Logitech brings Harmony remote to iOS and Android with Harmony Link
If you ever wished you could turn your iPad, iPhone, iPod Touch, or Android smartphone into a Harmony universal remote, you soon will be able to with a new $99.99 accessory called the Harmony Link.
David CarnoyExecutive Editor / Reviews
Executive Editor David Carnoy has been a leading member of CNET's Reviews team since 2000. He covers the gamut of gadgets and is a notable reviewer of mobile accessories and portable audio products, including headphones and speakers. He's also an e-reader and e-publishing expert as well as the author of the novels Knife Music, The Big Exit and Lucidity. All the titles are available as Kindle, iBooks, Nook e-books and audiobooks.
ExpertiseMobile accessories and portable audio, including headphones, earbuds and speakersCredentials
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With more universal remote apps becoming available for the iOS and Android devices, we figured it was only a matter of time before Logitech would bring its industry-leading Harmony brand over to tablets and smartphones. Well, now it has with a $99.99 accessory and free app called Harmony Link that are due to arrive in October.
The hockey-puck-size device is designed to sit near your AV setup, and taps into your Wi-Fi network to translate your commands into IR (infrared) signals that then get blasted out to your TV and various other components. Initially, Logitech is targeting iPad users because the iPad's larger screen offers a more "immersive experience" and will allow users to download a rich personalized program guide with data provided by Rovi. However, Logitech says the remote control functionality of Harmony Link also works with the iPhone or iPod Touch as well as with Android smartphones.
Here a some key notes about the product:
Works over Wi-Fi and has a built-in IR blaster to control nearby components.
Free apps for iOS and Android platforms.
Same, easy wizard-based programmable setup as other Harmony but no PC is required.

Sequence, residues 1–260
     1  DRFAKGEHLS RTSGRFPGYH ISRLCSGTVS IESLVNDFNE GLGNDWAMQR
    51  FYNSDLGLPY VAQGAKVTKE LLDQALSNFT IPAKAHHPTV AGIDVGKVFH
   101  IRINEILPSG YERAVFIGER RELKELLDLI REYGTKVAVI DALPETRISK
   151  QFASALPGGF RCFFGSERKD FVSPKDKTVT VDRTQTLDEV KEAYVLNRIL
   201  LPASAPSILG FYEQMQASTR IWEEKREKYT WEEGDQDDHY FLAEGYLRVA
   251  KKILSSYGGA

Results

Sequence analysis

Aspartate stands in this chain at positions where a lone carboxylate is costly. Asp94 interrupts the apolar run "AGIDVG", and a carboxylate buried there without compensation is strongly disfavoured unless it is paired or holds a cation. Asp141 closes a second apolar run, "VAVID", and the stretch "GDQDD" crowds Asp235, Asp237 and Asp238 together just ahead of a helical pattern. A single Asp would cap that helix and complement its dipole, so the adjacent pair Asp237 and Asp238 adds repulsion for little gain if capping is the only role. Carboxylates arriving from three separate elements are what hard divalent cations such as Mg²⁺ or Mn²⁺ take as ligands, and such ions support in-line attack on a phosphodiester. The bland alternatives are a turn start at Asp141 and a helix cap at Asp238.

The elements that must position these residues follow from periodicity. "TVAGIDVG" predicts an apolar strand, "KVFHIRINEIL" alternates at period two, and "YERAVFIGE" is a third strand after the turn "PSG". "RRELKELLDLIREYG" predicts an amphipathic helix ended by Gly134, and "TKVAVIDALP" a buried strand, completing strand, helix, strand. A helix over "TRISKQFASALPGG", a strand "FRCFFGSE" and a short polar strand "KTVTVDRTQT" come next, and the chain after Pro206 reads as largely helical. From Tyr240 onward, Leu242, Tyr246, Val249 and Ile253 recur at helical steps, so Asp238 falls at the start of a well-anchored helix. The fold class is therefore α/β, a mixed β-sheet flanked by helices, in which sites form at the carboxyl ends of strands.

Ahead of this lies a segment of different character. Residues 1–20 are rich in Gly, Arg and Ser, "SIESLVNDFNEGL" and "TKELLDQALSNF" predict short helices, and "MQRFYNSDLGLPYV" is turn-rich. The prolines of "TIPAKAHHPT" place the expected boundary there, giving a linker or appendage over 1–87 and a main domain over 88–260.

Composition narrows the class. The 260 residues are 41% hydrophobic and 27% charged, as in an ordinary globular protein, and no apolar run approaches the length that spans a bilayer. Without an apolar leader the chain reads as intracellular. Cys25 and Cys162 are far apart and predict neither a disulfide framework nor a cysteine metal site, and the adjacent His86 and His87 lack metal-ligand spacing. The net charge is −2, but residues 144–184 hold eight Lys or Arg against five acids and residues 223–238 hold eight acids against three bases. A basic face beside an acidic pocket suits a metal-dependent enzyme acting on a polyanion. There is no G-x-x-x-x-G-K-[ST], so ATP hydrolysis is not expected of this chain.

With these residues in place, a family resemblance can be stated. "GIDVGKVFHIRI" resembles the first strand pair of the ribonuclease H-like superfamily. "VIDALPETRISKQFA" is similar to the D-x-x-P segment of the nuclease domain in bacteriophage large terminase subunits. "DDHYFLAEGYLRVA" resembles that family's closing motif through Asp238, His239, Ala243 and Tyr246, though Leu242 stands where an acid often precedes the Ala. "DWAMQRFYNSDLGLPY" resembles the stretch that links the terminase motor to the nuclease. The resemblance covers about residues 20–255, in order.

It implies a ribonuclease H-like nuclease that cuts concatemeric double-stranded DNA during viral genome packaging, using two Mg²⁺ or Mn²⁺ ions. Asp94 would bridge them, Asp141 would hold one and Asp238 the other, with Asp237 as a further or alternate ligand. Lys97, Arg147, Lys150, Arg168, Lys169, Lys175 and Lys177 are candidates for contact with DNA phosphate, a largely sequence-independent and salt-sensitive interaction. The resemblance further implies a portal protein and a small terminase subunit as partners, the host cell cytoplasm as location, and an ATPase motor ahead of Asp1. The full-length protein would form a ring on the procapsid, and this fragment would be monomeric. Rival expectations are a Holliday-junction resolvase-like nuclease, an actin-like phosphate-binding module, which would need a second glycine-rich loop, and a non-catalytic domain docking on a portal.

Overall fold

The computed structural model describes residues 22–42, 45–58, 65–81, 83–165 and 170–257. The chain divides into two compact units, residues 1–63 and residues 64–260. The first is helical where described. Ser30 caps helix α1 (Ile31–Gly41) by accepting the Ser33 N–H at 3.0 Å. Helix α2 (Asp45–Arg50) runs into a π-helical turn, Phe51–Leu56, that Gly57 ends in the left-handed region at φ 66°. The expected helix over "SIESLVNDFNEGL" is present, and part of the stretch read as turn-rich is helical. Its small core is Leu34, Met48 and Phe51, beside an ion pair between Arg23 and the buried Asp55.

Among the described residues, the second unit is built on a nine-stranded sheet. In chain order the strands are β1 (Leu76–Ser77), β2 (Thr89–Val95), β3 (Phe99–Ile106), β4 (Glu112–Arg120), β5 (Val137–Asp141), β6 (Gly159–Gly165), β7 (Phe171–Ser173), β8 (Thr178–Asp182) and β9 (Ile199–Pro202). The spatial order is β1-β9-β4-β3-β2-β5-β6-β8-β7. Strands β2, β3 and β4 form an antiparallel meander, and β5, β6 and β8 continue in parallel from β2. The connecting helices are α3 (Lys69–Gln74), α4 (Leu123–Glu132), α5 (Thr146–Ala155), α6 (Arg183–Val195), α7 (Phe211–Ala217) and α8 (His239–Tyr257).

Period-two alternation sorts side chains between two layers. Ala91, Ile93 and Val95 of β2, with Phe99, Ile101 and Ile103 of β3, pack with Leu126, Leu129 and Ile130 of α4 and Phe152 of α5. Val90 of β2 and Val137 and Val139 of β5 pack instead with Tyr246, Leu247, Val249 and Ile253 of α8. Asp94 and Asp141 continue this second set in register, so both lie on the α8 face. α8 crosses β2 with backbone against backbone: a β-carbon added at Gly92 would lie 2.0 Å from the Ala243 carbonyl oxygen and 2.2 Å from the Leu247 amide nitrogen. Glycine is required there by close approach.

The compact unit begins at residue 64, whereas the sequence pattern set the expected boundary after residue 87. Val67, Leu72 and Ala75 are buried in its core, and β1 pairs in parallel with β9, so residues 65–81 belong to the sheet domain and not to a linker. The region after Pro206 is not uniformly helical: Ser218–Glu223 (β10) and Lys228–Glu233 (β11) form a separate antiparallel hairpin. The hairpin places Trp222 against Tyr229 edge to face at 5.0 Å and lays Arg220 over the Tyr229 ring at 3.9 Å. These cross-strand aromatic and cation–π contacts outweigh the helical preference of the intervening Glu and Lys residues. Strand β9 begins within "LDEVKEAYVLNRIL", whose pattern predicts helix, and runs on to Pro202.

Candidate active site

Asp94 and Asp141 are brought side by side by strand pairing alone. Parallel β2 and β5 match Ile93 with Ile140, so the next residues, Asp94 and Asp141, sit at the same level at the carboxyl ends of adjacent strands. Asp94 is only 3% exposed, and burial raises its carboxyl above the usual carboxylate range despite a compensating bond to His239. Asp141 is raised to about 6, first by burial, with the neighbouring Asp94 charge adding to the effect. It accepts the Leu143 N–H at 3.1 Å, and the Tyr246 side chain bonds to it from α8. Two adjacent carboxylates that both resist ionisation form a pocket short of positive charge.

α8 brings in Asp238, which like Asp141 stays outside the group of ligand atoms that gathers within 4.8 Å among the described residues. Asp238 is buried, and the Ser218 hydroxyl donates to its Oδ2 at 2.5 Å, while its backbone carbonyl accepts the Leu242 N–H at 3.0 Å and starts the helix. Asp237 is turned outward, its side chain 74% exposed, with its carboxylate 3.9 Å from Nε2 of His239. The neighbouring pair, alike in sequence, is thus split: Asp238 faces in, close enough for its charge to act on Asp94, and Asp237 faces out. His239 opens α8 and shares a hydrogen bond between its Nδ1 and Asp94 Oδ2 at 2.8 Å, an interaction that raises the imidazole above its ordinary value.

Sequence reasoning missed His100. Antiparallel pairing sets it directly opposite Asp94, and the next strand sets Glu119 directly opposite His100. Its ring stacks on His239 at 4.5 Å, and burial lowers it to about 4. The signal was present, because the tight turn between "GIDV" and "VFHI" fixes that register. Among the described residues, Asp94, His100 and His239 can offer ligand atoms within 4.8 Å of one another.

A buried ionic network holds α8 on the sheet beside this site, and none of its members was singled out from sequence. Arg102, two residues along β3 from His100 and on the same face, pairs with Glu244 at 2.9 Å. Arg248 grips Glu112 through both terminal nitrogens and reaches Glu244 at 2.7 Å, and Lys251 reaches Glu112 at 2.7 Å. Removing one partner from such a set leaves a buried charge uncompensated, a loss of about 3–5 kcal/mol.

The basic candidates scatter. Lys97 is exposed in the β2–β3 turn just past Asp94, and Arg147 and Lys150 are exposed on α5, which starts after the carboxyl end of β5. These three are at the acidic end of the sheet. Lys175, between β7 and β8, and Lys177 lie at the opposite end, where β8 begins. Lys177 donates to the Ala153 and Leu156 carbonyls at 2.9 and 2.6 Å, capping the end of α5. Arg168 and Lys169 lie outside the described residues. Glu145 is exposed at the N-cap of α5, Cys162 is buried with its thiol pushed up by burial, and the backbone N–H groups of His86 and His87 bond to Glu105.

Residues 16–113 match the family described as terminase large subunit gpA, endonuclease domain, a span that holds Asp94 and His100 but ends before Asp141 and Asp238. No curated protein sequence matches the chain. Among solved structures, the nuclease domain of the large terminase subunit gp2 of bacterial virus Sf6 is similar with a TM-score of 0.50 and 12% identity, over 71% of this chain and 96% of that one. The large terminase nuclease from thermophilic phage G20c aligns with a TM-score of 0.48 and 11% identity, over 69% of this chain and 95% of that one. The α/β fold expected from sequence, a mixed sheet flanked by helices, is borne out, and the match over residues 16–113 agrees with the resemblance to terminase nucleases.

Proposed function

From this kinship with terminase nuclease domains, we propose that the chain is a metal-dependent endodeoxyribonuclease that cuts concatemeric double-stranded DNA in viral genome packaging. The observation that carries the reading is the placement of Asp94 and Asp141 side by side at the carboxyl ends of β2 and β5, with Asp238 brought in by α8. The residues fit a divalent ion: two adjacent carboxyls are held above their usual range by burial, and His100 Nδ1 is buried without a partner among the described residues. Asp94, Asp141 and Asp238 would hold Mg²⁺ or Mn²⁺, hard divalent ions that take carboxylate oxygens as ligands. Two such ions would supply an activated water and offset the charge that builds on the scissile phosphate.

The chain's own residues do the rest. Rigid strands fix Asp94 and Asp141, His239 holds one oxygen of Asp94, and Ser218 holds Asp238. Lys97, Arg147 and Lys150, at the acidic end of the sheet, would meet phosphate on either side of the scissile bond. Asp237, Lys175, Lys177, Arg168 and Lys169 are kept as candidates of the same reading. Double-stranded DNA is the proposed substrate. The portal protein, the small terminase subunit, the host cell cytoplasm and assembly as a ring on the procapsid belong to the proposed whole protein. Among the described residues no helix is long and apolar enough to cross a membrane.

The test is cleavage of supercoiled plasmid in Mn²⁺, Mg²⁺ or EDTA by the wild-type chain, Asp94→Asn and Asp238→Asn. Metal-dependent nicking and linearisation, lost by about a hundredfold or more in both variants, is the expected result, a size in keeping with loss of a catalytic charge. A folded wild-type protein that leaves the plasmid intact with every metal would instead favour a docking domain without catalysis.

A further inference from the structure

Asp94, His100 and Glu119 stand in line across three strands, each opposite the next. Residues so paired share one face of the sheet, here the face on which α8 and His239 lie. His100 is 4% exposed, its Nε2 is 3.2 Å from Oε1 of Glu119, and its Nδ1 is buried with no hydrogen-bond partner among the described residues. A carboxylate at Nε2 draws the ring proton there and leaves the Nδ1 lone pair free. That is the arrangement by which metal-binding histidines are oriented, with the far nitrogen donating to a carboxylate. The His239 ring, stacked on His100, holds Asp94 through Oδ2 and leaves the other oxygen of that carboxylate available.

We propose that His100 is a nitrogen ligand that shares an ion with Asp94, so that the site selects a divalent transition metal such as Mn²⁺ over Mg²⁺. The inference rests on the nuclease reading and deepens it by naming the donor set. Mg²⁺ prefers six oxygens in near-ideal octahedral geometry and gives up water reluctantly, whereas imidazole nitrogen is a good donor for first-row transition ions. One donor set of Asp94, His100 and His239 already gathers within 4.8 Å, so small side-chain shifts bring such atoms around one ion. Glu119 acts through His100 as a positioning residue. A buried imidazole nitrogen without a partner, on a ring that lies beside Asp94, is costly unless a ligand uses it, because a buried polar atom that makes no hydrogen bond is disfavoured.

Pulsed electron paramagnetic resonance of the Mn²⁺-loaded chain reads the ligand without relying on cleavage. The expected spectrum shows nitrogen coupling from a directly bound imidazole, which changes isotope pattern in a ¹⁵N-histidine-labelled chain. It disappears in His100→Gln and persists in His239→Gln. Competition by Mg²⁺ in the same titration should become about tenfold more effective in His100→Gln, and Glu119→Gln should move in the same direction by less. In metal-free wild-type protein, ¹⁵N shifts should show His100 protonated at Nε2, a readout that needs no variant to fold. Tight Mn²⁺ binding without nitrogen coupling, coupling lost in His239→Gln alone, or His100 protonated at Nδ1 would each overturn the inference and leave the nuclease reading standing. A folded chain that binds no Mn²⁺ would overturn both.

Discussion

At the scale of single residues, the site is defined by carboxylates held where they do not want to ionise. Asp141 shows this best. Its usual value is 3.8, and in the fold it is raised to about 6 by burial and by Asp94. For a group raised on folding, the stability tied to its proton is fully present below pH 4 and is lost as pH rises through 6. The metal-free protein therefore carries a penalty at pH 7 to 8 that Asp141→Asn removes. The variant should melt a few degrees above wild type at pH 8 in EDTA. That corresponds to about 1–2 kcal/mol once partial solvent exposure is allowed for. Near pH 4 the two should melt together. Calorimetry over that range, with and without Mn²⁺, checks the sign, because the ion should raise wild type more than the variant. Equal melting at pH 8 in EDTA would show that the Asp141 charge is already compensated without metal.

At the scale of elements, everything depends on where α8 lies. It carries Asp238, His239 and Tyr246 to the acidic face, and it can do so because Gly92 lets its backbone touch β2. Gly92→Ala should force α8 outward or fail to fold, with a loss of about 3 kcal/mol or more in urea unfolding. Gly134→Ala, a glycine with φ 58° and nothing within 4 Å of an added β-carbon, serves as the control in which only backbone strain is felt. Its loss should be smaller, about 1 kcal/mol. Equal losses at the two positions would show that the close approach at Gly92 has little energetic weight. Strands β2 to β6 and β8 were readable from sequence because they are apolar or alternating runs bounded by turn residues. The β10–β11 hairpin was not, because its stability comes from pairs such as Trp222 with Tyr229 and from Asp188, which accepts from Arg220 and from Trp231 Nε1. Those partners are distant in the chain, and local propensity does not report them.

Activity based interface ("Watch TV," "Play Game," "Watch DVD," etc...)
Controls up to eight components
Includes a cabled IR mini-blaster accessory so you can control entertainment devices both inside and outside of a closed entertainment cabinet (additional mini blasters can be purchased separately).
Harmony Link can connect with more than one iPad at a time, letting multiple family members use their own iPad with their own set of favorite channels.
Rovi is providing program info for Harmony Link App.
Initially, smartphones will not receive personalized program guides from the downloadable app; only the iPad
Harmony Link will support iPad, iPhone, and iPod Touch running iOS 4.0 or later, and Android smartphones running Android OS 2.0 to 2.3.4.
We got an early look at the Harmony Link in action on an iPad and were generally impressed with what we saw. In the pre-iPad era, we'd reviewed such tablet-style remotes as the Harmony 1100 and the iPad's touch screen is much sharper, more responsive, can display a lot more information, and is far more vibrant. (And, of course, the iPad has dozen of other uses, while the Harmony 1100--like all dedicated remotes--is a one-off device.)
As far as the IR blasting went, Logitech reps had the Harmony Link next to a TV on stand with shelf in it. The IR blaster was able to reach components on the shelf inside the stand, which is why reps said they were comfortable offering only one mini "extender" IR blaster with the device for those who have components in a closet or closed cabinet. (You'll be able to add a second one if needed.)
The one problem with using an iPad as a remote is that most people won't want to use a tablet as just a dedicated remote. However, the good news is thanks to multitasking, you can do other things on your iPad (surf the Web, do e-mail, play a game, etc...), then come back to the remote app when you need to change the channel or switch to another activity.
While the iPad offers the most robust interface, we have a feeling a lot of folks will be interested in turning an old iPod Touch into a full-featured universal remote. True, you can't get all that many virtual buttons onto the small screen of an iPod Touch, iPhone, or Android smartphone, but those devices do fit in a single hand and feel a lot more like a traditional remote.
While the Harmony Link looked promising in our initial walk through, we were a bit disappointed to see that Logitech didn't include Bluetooth support. That means the Harmony Link won't be able to directly control the Sony PlayStation 3. Instead, PS3 owners will need to invest in the separate Harmony PS3 Adapter, which sets you back an additional $50 to $60.
Logitech isn't alone in the "turn your phone or tablet into a remote" game. Vizio and Sony tablets have built-in IR blasters and remote software, while Peel and Griffin offer iPad-to-hardware relay boxes similar to the Harmony Link. But Logitech is counting on leveraging its already megapopular Harmony name, plus its existing expertise and product code database.
Once we get our hands on a review sample of the Harmony Link next month, we'll test it out on both iOS and Android devices and post a full review. Until then, check out Logitech's video demo below: